Investment Concerns Emerge from Latest Durable Goods Report  

By at 24 February, 2019, 9:15 am

by Raymond J. Keating-

On February 21, the U.S. Census Bureau released its durable goods report for December.

Durable goods orders in December increased by 1.2 percent. For the entire year, durable goods orders showed strength, with orders up by 8.1 percent in 2018 versus 2017.

In December, big gains came on the transportation front – which tends to be particularly volatile from month to month. Factoring out transportation, durable goods orders grew by only 0.1 percent in December.

An important item to take a look at in this report is the change in nondefense capital goods excluding aircraft orders, which serves as an important gauge of private investment in equipment and software. For December, new orders in this area declined by 0.7 percent, which followed on a drop of 1.0 percent in November, and a gain of only 0.5 percent in October.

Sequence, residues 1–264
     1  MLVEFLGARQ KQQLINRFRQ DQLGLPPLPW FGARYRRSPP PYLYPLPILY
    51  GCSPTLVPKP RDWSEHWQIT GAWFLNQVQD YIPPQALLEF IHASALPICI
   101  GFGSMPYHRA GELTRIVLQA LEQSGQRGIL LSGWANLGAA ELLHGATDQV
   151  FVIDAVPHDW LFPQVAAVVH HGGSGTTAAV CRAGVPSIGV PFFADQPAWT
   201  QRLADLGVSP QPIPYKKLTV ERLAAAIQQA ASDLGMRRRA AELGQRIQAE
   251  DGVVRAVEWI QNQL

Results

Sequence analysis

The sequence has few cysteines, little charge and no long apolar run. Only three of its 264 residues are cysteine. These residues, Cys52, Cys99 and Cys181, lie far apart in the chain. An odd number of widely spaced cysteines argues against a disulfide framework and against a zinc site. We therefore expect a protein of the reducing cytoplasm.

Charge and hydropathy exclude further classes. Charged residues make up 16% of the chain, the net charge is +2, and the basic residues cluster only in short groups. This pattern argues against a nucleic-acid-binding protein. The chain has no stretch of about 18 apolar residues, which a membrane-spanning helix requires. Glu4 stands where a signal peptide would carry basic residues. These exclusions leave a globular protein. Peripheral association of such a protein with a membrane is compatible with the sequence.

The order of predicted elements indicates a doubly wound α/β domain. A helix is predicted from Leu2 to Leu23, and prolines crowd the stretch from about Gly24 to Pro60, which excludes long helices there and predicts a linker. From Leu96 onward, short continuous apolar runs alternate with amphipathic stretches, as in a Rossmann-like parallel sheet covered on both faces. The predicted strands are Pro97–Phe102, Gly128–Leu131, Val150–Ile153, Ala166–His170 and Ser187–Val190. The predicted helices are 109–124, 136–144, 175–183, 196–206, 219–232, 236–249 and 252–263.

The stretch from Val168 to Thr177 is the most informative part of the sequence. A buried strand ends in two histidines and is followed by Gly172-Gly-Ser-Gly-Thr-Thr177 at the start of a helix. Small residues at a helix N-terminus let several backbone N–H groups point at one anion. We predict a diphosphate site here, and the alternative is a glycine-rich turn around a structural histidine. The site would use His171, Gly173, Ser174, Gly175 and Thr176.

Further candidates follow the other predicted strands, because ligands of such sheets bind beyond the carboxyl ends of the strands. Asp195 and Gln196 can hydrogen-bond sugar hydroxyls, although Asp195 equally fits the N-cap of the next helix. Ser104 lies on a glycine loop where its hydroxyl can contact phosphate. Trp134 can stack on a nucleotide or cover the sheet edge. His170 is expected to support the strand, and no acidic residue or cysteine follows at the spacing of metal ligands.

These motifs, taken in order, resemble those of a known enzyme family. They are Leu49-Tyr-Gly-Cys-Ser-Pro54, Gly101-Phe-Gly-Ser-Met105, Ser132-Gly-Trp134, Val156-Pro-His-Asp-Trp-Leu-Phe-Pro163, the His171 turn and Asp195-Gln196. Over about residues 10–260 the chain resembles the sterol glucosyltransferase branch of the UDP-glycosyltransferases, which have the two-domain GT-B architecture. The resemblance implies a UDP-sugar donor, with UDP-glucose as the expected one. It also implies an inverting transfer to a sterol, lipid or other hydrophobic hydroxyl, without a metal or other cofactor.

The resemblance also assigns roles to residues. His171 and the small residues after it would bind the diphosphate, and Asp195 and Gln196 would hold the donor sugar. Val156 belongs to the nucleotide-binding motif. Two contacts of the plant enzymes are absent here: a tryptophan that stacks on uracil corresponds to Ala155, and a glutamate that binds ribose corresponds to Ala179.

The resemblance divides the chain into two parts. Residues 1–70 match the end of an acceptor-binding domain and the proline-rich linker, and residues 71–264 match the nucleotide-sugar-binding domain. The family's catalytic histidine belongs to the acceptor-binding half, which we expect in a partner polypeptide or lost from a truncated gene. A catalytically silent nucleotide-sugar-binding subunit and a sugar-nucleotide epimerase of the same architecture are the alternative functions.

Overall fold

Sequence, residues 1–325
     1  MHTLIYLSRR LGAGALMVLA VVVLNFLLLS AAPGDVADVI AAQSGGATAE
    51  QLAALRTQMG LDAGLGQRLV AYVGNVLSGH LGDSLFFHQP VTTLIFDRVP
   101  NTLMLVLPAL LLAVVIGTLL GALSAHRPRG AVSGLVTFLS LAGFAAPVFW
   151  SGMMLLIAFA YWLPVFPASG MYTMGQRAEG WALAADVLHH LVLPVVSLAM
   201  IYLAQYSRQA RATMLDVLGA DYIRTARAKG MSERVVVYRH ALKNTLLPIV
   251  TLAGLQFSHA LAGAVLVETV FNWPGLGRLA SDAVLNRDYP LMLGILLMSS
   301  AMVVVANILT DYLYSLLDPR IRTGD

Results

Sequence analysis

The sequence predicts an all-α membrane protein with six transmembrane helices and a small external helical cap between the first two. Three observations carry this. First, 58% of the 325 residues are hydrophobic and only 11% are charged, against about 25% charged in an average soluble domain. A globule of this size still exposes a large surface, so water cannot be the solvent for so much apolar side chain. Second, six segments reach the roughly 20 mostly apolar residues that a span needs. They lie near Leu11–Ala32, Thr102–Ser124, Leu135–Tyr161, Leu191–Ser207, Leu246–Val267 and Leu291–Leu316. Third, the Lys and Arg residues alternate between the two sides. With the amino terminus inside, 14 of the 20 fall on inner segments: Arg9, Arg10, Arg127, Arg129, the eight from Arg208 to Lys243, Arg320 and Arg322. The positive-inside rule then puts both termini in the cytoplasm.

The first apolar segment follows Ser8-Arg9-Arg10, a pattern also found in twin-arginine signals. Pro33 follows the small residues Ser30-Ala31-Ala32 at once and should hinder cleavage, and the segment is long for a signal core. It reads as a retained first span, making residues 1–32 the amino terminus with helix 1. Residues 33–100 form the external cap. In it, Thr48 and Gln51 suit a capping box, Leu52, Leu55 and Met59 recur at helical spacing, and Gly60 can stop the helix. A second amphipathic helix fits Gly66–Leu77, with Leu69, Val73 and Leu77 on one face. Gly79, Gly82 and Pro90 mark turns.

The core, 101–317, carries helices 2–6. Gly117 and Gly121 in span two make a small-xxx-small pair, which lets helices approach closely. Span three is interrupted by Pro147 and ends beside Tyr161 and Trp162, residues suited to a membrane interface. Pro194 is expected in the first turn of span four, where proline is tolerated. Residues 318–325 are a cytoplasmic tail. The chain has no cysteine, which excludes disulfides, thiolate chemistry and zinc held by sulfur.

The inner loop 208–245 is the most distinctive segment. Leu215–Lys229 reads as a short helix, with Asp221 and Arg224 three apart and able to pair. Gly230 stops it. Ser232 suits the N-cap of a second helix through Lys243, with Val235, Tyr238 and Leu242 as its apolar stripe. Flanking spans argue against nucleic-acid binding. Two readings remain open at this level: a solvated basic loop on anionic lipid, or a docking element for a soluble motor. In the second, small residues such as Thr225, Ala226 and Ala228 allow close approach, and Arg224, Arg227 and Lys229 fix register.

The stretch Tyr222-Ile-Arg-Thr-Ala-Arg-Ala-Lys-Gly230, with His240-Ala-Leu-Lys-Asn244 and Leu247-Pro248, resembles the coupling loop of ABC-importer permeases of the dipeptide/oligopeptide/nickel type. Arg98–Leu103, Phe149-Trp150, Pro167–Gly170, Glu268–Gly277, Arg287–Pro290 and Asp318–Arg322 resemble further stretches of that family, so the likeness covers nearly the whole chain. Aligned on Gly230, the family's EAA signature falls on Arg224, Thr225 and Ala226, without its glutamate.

Even with this late-in-the-year slowing, for all of 2018 nondefense capital goods excluding aircraft orders were up by a solid 6.1 percent.

The sluggish measure of investment in the durable goods report for the last three months of 2018 is particularly troubling given that business investment growth had been slowing over the previous two quarters in the GDP data.

Private sector investment, of course, is vital to current and future economic and income growth, playing a key role in enhancing labor productivity. From the start of 2017 through the second quarter of 2018, real business investment growth was strong, and gave a boost to overall real GDP growth numbers. That needs to continue.

Policymakers must remove uncertainties and threats – such as on the trade front – to stabilize the foundation upon which investment and growth can occur.


Raymond J. Keating is chief economist for the Small Business & Entrepreneurship Council.

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